(Photo by Allison Long, for the Kansas City Star)
A recent article in the Kansas City Star covered a group with a different sort of anti-bullying campaign: it's a boxing-based fitness class just for teenagers who've been bullied or whose friends have been bullied.
It's called Fight Club, and in general I think it's awesome. It sounds, in a lot of ways, like exactly what I needed in middle school.
There's only one thing that bothers me about the program: it's not an actual self-defense class. The article stresses that the kids taking the class are encouraged not to fight back against their abusers, and that the boxing serves more as an outlet for emotions than as practical training:
It's not a self-defense class. Holly Reynolds, the woman who started the program, can't call it that for legal reasons. It's not about fighting, either, though Reynolds gave it the same name as the 1999 Brad Pitt movie about underground fight clubs.It's not that the things the classes do offer --- improved physical fitness, confidence, an emotional outlet, a roomful of other people who are having the same experiences as you, along with adult trainers and mentors who are clearly on your side --- aren't also hugely important; I just worry that explicitly discouraging these kids from fighting back if they're assaulted undermines what the program is supposed to do. It's supposed to give you confidence and enable you to stand up for yourself or your friends; how can you do that if you freeze up once the confrontation escalates?
This Fight Club is about getting fit, feeling strong and fighting the good fight, she said.
These teens don't spar with each other. They spar with their feelings.
We have a serious problem in mainstream American culture, in that we tend to put all the blame on victims of violence --- especially certain kinds of violence. If you were raped, you must've done something to draw attention to yourself, or gone somewhere you shouldn't have, or trusted someone you shouldn't have trusted. To use some philosophical terminology, the rapist may have been the immediate or proximate cause, but you were the ultimate cause of your own rape.
It's the same with bullying, whether of children in school or of adults in the workplace or in their communities. If one or more people decide to harass you, stalk you, follow you around in groups yelling things at you, try to scare you, subject you to unwanted, gross and insulting sexual advances, physically attack you or vandalize your property, it's bad, but you must've done something to make them choose you as their target.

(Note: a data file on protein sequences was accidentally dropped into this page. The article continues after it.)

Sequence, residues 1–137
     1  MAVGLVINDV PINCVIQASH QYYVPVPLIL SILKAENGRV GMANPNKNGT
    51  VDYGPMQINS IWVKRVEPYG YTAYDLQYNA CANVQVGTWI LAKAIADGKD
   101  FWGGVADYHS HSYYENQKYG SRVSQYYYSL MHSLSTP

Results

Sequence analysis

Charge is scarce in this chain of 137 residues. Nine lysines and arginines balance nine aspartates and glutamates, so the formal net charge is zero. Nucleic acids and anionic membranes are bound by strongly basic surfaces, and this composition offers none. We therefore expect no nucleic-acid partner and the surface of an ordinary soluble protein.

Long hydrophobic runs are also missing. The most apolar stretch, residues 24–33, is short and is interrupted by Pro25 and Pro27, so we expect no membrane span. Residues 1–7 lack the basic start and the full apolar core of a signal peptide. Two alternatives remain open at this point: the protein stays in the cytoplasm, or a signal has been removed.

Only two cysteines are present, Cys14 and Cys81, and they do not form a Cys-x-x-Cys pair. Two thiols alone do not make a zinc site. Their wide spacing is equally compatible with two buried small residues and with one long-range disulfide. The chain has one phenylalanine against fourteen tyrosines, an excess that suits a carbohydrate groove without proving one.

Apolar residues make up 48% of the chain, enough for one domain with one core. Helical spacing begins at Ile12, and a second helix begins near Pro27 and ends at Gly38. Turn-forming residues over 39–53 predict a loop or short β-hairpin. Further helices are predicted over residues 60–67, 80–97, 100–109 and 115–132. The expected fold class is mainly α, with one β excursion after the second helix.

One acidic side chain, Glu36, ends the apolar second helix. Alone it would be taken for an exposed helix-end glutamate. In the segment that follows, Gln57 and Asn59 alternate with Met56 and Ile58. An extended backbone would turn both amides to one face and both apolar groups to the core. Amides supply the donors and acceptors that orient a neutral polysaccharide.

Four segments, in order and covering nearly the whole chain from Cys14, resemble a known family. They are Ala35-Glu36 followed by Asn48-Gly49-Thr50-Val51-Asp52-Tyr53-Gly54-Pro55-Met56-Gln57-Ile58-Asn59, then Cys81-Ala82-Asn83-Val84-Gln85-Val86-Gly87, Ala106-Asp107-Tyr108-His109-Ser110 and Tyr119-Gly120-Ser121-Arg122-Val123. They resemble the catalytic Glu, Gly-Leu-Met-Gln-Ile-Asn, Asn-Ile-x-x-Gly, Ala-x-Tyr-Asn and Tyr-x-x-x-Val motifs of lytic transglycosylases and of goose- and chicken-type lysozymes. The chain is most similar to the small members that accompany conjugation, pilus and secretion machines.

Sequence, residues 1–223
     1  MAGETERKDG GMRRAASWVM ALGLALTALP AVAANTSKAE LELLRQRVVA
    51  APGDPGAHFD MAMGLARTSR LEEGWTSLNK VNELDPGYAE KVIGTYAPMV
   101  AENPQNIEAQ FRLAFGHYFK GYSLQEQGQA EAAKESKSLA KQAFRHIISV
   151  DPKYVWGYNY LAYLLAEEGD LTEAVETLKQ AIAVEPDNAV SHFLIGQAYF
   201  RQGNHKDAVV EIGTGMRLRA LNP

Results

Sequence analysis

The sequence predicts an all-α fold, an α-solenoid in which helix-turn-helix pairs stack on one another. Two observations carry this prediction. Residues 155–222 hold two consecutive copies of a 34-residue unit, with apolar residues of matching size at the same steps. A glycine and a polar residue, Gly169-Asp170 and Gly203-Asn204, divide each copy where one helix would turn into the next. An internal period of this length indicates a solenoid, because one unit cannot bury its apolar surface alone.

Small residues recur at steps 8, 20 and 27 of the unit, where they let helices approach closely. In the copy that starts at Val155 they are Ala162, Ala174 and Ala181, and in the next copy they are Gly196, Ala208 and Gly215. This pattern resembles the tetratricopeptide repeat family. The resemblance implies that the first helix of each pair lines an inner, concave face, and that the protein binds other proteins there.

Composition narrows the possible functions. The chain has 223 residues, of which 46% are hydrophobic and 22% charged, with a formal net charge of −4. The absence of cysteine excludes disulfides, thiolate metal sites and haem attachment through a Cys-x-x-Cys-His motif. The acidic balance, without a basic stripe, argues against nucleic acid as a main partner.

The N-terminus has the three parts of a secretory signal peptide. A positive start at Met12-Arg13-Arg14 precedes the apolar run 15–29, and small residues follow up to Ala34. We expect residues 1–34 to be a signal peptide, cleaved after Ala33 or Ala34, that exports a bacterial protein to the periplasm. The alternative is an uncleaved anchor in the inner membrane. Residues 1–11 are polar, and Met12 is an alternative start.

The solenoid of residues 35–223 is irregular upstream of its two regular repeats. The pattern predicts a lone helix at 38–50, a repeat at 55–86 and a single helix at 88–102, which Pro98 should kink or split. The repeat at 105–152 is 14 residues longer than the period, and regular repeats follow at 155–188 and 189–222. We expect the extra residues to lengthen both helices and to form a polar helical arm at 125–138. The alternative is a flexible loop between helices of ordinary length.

And with school bullying, adults tend to tell children very stupid, unhelpful things when those children ask for help, like, "Just ignore them; they'll go away if you don't respond." (More victim-blaming: you're only being bullied because you let them get a rise out of you!) They also hold victims of bullying to a much higher moral standard than the bullies themselves: no matter how in-your-face, menacing or even violent they get, if you hit them back, you're just as bad as they are. They ignore bullying until it does turn into a physical fight, and when that happens, they act as if all combatants are equally at fault*.
So, against that kind of cultural backdrop, I don't think it's doing the kids any favors to try and convince them they don't want to hit the people who are abusing them. Of course they do. Telling them they don't, when they know perfectly well that they do, would (I think) just work to undermine any impression you've made of being the rare adult who understands what they're going through.
Don't get the wrong idea; I know teaching kids self-defense won't magically enable every one of them to win a fight with a bully (especially those who are bullied by a whole pack of people), and I know it's not fair to expect victims of bullying to solve the problem on their own. In my ideal school environment, teachers and bystanders would play a much more active role in defusing incidents of bullying; I just think physical self-defense is also a tool kids need to be given, without shaming or second-guessing them when they use it.
*That happens to grown women, too, when they try to defend themselves against rape or domestic abuse.